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Appeals Court Reverses Ruling in Harbor View Hotel Case – The Vineyard Gazette – Martha's Vineyard News

A new legal chapter opened this week in the tangled, long-running litigation between the Harbor View Hotel and a group of neighbors over an expansion project at the hotel, with the Massachusetts Appeals Court partly reversing a lower court decision that had dismissed a series of challenges involving the hotel’s controversial pool bar.
At issue in the case is both a technical challenge over mailed public hearing notices to abutters by the Edgartown zoning board of appeals, and a more pivotal question of whether the hotel has exceeded what was allowed in a special permit issued for the pool bar, originally dating to some two decades ago.
Both issues now return to the superior court for further review. The 16-page ruling was issued on Wednesday this week. Plaintiffs in the case are a group of nine neighbors led by Lynn Allegaert. Defendants are the Harbor View Hotel and the town of Edgartown, its building inspector and the zoning board of appeals.
The dispute has dragged on for nearly three years, with numerous bitter exchanges between the historic hotel and its longtime neighbors.
Residents of the surrounding Starbuck’s Neck neighborhood are unhappy about what they claim is creeping commercial expansion of a nonconforming use in a residential area, while hotel owners say they are simply acting within their legal rights to modernize the property overlooking the Edgartown Lighthouse.
Court documents partly reconstruct the complicated background in the case, which began as three cases and has seen numerous twists and turns.
In May 2019 the zoning board of appeals granted the hotel a special permit to relocate its pool bar on the premises.
When construction began a month later, the neighbors appealed in superior court, claiming that they had never received notice of a public hearing, and also that the special permit should not have been granted.
Because the appeal was filed after the 20-day statutory deadline, attorneys for the hotel moved to dismiss the case, and later prevailed.
In August 2019, the plaintiffs asked the town building inspector to enforce the zoning bylaws, claiming that the new pool bar was illegal because it went beyond the scope of the special permit.
The building inspector denied the request and the zoning board later upheld his decision. Neighbors appealed that decision in superior court.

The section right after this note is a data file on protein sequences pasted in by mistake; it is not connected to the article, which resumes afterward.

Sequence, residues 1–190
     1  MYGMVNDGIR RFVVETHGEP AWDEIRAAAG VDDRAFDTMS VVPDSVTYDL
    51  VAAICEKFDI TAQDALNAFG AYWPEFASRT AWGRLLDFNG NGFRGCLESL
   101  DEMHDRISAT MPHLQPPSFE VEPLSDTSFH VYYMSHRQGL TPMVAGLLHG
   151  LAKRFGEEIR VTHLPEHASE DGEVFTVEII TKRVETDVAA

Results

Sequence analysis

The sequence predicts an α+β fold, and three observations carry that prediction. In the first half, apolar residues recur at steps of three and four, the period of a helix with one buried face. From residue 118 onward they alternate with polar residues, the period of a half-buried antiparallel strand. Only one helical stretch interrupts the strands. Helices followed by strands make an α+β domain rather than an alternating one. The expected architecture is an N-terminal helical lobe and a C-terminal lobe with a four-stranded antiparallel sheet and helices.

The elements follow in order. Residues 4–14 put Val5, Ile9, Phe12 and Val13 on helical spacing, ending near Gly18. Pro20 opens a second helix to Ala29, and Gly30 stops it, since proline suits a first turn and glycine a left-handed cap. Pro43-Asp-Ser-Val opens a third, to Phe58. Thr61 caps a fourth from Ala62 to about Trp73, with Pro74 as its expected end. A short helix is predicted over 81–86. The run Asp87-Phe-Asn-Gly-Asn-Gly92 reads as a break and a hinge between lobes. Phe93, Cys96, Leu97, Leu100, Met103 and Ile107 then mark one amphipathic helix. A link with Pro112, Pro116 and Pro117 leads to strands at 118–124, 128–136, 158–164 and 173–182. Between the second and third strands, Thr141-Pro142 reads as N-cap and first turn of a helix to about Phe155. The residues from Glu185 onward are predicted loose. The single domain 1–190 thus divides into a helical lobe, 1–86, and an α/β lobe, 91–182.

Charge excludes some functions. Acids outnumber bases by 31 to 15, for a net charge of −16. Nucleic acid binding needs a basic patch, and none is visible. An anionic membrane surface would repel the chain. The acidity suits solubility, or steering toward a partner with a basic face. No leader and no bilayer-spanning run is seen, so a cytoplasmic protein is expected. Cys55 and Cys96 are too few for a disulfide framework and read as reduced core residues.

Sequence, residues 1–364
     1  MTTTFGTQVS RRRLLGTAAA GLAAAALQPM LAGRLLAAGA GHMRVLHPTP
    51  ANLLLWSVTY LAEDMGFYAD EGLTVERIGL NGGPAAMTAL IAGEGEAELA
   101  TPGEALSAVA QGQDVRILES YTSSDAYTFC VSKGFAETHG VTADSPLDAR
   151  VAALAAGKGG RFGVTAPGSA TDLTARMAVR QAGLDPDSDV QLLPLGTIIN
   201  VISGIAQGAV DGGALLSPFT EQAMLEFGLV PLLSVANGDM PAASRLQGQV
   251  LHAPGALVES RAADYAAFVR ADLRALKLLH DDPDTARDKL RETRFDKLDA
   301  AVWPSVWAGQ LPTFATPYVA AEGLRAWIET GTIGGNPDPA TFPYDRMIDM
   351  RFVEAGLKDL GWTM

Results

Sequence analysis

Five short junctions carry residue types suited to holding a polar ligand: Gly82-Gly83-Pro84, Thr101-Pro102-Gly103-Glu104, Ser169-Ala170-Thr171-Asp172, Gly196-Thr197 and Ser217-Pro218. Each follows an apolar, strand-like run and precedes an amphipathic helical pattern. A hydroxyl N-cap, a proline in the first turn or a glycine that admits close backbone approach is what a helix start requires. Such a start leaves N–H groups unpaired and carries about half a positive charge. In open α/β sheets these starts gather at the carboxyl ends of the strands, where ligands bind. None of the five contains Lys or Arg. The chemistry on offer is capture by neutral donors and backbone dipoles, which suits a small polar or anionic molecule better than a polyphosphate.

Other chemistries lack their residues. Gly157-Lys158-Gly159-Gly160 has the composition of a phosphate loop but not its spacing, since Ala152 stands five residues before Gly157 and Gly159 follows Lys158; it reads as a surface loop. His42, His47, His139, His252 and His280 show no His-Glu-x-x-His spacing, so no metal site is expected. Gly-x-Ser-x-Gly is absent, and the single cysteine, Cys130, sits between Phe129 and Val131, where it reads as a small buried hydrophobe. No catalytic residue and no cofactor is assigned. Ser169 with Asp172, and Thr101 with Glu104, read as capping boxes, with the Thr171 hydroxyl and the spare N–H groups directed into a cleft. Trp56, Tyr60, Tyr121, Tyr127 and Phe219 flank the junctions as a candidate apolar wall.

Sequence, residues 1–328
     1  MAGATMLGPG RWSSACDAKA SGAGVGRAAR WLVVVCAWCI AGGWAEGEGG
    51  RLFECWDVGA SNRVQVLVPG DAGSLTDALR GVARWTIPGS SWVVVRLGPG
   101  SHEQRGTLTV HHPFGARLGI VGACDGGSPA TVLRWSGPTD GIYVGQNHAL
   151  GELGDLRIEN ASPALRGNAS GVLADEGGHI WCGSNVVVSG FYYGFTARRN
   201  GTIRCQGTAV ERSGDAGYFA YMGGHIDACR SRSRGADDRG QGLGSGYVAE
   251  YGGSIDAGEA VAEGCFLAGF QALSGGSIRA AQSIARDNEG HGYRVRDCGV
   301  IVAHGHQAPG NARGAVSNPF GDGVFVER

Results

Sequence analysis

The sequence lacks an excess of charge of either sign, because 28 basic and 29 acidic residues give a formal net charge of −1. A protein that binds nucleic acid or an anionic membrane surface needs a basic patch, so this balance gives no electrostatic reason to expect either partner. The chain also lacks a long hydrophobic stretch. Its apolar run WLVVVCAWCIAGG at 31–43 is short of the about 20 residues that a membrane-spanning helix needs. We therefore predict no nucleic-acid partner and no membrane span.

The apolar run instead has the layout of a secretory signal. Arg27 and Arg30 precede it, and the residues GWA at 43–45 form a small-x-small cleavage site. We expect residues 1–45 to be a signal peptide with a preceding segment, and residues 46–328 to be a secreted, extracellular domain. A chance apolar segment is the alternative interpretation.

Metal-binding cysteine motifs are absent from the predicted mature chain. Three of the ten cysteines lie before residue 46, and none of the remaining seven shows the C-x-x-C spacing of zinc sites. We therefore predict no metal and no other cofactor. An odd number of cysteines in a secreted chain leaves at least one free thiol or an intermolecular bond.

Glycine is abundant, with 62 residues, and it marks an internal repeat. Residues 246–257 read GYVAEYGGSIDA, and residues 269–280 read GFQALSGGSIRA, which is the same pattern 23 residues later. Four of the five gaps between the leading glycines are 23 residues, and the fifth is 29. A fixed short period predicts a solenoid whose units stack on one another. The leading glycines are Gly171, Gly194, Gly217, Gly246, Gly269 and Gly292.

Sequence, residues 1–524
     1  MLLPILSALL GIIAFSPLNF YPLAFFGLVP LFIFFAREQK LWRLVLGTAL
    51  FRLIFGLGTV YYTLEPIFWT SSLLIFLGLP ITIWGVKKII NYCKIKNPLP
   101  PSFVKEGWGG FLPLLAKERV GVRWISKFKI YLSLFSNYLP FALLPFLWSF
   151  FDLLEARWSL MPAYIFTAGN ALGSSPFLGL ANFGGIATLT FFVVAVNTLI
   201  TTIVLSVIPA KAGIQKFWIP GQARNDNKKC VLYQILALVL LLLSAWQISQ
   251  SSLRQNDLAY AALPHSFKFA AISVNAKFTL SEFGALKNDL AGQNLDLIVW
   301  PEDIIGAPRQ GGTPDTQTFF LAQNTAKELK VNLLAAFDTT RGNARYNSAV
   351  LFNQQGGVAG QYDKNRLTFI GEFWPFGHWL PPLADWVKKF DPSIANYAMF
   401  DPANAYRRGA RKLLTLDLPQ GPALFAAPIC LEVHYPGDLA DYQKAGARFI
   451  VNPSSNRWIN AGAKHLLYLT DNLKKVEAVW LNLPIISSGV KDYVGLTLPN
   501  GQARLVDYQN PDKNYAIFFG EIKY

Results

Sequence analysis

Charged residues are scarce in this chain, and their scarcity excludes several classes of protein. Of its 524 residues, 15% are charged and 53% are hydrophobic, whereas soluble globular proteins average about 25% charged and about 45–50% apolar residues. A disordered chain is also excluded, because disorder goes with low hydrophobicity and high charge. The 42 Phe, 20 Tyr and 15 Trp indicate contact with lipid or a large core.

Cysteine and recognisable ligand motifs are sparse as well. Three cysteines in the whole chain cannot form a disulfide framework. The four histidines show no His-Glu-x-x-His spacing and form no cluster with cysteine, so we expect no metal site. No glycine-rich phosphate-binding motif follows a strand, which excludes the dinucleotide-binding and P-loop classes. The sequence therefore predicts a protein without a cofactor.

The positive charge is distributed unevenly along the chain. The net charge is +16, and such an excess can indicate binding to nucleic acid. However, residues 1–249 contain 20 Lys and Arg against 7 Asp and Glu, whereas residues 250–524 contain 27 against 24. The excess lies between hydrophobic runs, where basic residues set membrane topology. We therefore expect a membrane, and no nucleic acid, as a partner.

In November 2019 and April 2020, all the claims were dismissed by different superior court judges. One judge concluded that the first appeal had been filed too late, and that the later enforcement appeal amounted to a back-door attempt to press the first appeal.
In the ruling this week, a three-judge panel on the state appeals court reached an opposite conclusion on two key issues: the timeliness of the original appeal and the validity of the request for enforcement by the building inspector.
The judges found that while an appeal on the merits of a special permit application was inarguably required within 20 days, a procedural challenge such as the one questioning whether proper notice had been mailed, would fall under a 90-day appeal period governed by a different statute.
“The plaintiffs raise numerous claims about the merits of the . . . special permit. These are time barred . . . The plaintiffs also raise claims about the town’s notification regarding the special permit. These claims are timely,” the judges wrote in part.
While remaining agnostic on the merits of the case, the ruling lightly raises an eyebrow at the fact that none of the abutters ever received notice of the public hearing.
“If true, the sheer number of persons who did not receive notice belies any suggestion that perhaps a notice was mislaid in the mail,” judges wrote.
As for the enforcement action complaint, the appeals court said that the superior court should not have dismissed the allegation concerning the size and scope of the pool bar without further review. Judges sent it back to the lower court to be heard again.
The court noted that the 2019 special permit “authorized only a 176-square-foot pool bar.” The plaintiffs allege that the new pool bar includes “a patio area of approximately 2,275 square feet with fire pits, approximately 60 lights, seating for approximately 50 patrons, and standing room for approximately 50 more . . . As the complaint alleges, this patio area was not included in the special permit.”
Attorneys on both sides of the protracted case claimed victory this week.
“The hotel is pleased that the appeals court upheld the trial court’s dismissal of the plaintiffs’ challenge to the 2019 special permit issued to the hotel for its pool bar and that the special permit remains in full force,” wrote Kevin O’Flaherty, a partner with Goulston & Storrs in Boston who represents the hotel, in an emailed statement to the Gazette.
“The hotel is confident that the limited issues the appeals court is remanding to the trial court for further proceedings will ultimately be resolved in favor of the hotel and the town,” he also wrote.
Felicia Ellsworth, a partner at WilmerHale in Boston who represents the neighbors, was similarly pleased.
“We are gratified by the appeals court’s decision . . . recognizing that residents are entitled to challenge both the issuance of the 2019 special permit without notice and the hotel’s unauthorized and unpermitted operation of an over-2,000-square-foot patio bar,” she said in an emailed statement to the Gazette.
“We will continue our efforts to hold the hotel accountable.”

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